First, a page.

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Somewhere along the information highway, we forgot about entrepreneurial freedom and value

About fifteen years ago I started writing for a publication that was transmitted to its subscribers via e-mail.  We published twice a day on regulatory events on the federal and state level.  The content we provided had great value and our clients paid us for it.  Not only did the staff get paid for the production work, but I’m sure the company had to pay an internet service vendor to transmit our content to the end user.  It’s called business.

I define business in the following way.  Business is the activity that you partake in to create, develop, market, and sell a product for income.  Business is dynamic and along your production line you are going to pay employees and contractors in order to get your product to market.  Business also requires you to look for opportunities to reduce your costs for getting your product to market and in so doing may require you to strategically partner with another entity to meet the objective of being better and faster.  That strategic partner may develop a method for helping you be better and faster and would rightfully expect to be compensated for the value their innovation bestowed on you.

The end user or consumer may observe three alternative developments resulting from the value provided by the strategic partner and all resulting in an increase in consumer welfare.  One, the consumer may see improvement in speed or quality of service with no change in the price she pays.  Two, the consumer may see an increase in price but faster service and better quality.  Although her costs have gone up, they are offset by the increase in value that she identifies in the increased quality of service.  Third, she might see her prices fall as the innovations brought by the strategic partner increase efficiencies in the way the product is delivered.

The business provider has to pay for the innovation but given the increase in consumer welfare realizes that his welfare also increases because the consumer is satisfied.

Notice in my example that the “F” word, “free”, is missing.  It’s that word that has confused content providers and consumers.  Over the past two decades, content providers and consumers have been misled by the notion that access to and delivery of information on the internet was supposed to be free.  This thought was spawned by the misinterpretation of the phrase, “open internet”, which referred not to consumption of and access to information but to the ability of application entrepreneurs to develop services that made the movement and placement of content online easier.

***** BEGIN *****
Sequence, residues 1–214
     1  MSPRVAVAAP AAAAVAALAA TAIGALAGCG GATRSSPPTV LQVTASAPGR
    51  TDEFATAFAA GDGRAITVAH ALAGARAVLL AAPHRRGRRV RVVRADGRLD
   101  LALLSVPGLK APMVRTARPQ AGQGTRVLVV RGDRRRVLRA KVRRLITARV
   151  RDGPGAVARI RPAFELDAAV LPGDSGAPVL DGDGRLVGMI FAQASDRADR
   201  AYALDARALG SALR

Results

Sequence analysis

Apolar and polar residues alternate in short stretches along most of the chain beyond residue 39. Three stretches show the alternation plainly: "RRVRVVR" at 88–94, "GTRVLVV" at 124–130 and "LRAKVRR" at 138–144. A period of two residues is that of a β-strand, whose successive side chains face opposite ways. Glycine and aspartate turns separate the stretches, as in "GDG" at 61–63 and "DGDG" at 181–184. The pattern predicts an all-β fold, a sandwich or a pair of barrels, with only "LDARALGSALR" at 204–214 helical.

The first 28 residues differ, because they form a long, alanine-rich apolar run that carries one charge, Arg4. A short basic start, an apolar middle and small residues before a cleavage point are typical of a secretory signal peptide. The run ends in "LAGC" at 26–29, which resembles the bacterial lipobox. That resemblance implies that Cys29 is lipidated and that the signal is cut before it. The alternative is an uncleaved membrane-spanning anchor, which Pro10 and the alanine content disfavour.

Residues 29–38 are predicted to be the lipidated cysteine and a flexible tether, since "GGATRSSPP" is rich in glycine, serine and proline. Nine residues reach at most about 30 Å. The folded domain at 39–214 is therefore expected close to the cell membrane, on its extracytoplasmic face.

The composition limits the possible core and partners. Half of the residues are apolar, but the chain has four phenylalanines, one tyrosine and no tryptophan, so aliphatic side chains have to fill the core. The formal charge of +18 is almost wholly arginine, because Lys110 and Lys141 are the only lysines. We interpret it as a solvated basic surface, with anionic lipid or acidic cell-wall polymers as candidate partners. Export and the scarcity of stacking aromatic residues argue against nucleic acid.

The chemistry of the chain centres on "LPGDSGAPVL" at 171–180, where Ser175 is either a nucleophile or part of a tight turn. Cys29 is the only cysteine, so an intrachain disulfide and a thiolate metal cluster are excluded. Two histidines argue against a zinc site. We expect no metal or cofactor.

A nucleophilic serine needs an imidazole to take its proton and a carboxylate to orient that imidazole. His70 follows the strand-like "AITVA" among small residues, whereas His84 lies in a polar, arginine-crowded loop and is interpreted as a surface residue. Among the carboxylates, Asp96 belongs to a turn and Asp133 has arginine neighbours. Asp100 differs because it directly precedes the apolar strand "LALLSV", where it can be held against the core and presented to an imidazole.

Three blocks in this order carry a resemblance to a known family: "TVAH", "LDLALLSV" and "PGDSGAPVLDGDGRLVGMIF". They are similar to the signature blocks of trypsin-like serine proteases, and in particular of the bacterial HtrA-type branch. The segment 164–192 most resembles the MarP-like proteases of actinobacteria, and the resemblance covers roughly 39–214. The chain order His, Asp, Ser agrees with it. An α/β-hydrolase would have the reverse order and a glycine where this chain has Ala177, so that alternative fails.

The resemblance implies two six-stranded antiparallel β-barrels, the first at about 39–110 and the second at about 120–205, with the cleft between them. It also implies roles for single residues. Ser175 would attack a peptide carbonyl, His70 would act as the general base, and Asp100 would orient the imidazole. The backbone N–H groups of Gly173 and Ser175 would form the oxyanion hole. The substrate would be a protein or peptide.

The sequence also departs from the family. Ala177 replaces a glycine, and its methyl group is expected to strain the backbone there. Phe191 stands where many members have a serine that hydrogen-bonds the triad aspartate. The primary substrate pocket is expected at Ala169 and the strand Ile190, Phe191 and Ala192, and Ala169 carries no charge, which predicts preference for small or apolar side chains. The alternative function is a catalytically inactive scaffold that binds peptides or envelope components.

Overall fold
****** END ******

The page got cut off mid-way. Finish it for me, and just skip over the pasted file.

The edge providers, such as Google, Facebook, and Twitter, benefiting from the ability to interconnect their servers and applications with the world wide web were able to turn around and ironically compound the myth of free access by offering certain services to end users for free.  ”Free” had a network effect all on its own and open internet provocateurs such as Free Press and Public Knowledge have been milking it for years.  From free consumer access to ignoring intellectual property rights by promoting the Aaron Schwartz paradigm that all data online should be freely accessed by everyone, they have fanned the flames of contagion, creating such nausea that consumers overlook or ignore the market nature of the internet: the production and delivery of a product called information and knowledge, and like all products moving through a free market its value should be recognized and monetized and the creators of the information and knowledge should expect not only to be compensated but to pay the cost of its delivery.

Yesterday’s opinion in Verizon v. FCC failed to acknowledge the true, core market characteristic of the net neutrality debate.  Net neutrality, which has nothing to do with the open internet, denigrates the market signaling between content providers and internet service providers such as AT&T, Comcast, and Verizon.  Google, Facebook, and other edge providers have signaled the need for greater capacity and speed and internet service providers wanted to address this demand.  Rather than recognizing this demand, the Federal Communications Commission, egged on by the open internet provocateurs, preferred to disrupt the basic law of supply and demand and risk upsetting the flow of commerce.

The opinion is a mixed bag when it comes to freedom of the entrepreneurial spirit of the internet service provider.  It still leaves open the door to regulating broadband providers and, in my opinion, by leaving in place transparency rules, violates the freedom of speech of internet service providers by forcing them to communicate information for a reason that no longer exist, namely compliance with anti-blocking and anti-discrimination rules correctly vacated by the court.

Freedom got a boost yesterday, but the boost was not high enough.  Policy and the law need a change in mindset to recognize that it’s okay to allow markets to work.